This week is famous encounters week at Diamond Hoggers. We will post what we’ve got each day in the way of a famous encounter with a figure in major league baseball along with any reader submissions we receive. Today, our famous encounter was with former Tigers and Reds Pitcher, Luis Pineda:
The year was 2002. The editors of this blog were freshman in college and life was simple. We had recently discovered the vast new world of dip, and we had taken an immediate liking to Skoal Mint in particular. I promised George a trip to Cincinnati after we became friends to see the Reds play, and on this spring day we had no baseball game or practice, we climbed into my Ford Exploder and set sail towards Cincinnati.
On this day the Cincinnati Reds were taking on the San Francisco Giants. We wanted to see Adam Dunn and Barry Bonds play, we took off early enough on this saturday afternoon to see batting practice. Jose Rijo was starting for the Reds this day, which was an extra special treat. Rijo ended up dominating that day and getting the win, Bonds doubled, and Dunn homered (as well as Corky Miller) but that was not the story we took away from this day, and it was not our famous encounter.
The famous encounter was with Reds reliever Luis Pineda, he was a 6 foot 1, 160 pound right hander that threw absolute gas. Seriously, this guy could throw as hard as any pitcher I’ve ever seen, and it was probably just arm problems that are the reason for him being out of the league at this point, because man could be bring the heat.
We were down the right field line in old Riverfront Stadium, and the players were walking by one by one, just shooting the shit with the fans and such. George and I decided we wanted to “christen” the field, this is where we insert a giant hog, let it hang out a while, and spit onto the major league turf, to you know, christen it. Just after we did so Luis Pineda came strolling down the line, signing autographs and he himself had a giant dip in. Enormous. To this day I don’t know how he packed an entire tin in his Dominican mouth. He said not one word to anyone, but like I said, he was signing autographs.
When he got down to us, he had a sharpie in hand, ready to sign at will. George and I were starstruck, not because he was a major leaguer, but obviously was a proud hogger, sporting his slobby chubby in his front lip. He was too professional to spit, and I could tell that either he couldn’t speak English or was just being a pro hogger and holding in about an hours worth of spit until he was out of eyesight of the adoring fans.
I quickly said “Hey, Luis! Hey Pineda!” and pointed toward my own dip of Skoal Mint I had in, and George’s fat lip. Pineda grinned at us and reached forward for a baseball card, or a program, possibly a baseball to sign for us. It was all his pleasure, he was ready. On this day, I had nothing in my pockets but a ticket stub, and that tin of Skoal Mint. I decided I had enough signed ticket stubs. I thought it would be a lot cooler to have a signed skoal mint tin on my dresser of memorabilia then another ticket stub. I pulled out that tin of skoal mint very quickly and stuck it in front of his small Dominican hands to sign.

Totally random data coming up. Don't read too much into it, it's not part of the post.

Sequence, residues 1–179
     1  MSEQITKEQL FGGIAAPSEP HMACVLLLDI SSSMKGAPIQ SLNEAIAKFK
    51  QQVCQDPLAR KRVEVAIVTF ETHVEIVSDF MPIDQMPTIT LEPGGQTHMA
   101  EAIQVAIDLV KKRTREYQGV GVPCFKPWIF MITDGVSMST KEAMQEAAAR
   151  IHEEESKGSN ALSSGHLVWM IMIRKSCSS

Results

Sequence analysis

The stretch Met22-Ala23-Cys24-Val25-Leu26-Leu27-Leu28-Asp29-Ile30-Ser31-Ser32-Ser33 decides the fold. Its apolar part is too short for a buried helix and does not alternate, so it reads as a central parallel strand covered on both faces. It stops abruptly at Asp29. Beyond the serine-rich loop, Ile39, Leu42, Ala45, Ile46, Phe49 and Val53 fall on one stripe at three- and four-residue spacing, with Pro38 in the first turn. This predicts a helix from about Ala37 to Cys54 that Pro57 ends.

At an instant he eye balled it, and started to get startled. You would have though he was the devil and I was holding a cross in his face. Remember, he wasn’t talking to anyone, and to this day I don’t know if it’s because he couldn’t speak English, or because he had to spit and refused to do so in front of his fans or what, but he started to back away and shake his head no. He left it up to us to figure out exactly why he was not going to sign that tin of skoal mint he was basically endorsing like Joe Camel in front of our very eyes.
George and I began to panic and try and figure out this puzzling situation. “What, you won’t sign tin?” we asked. He shook his head defiantly, and began to walk away, he simply pointed at the tin and shook his head very deliberately “no”. Puzzled, I went down the line a little ways and tried to sneak it in front of him again, to see if he’d do a quick sign of it and just let us walk away. Again, Pineda kind of didn’t say anything, and shook his head no and walked away. He would not sign the tin.
George guessed that maybe he was told by his agent or someone in baseball he couldn’t endorse tobacco products by signing them, no matter how much he liked them. In some strange way, we understood and left him alone after that. Pineda never pitched in the big leagues again after that 2002 season with the Reds, and that I am sorry for. Still, his significance on that fateful April Saturday afternoon will live on in the memories of Diamond Hoggers forever.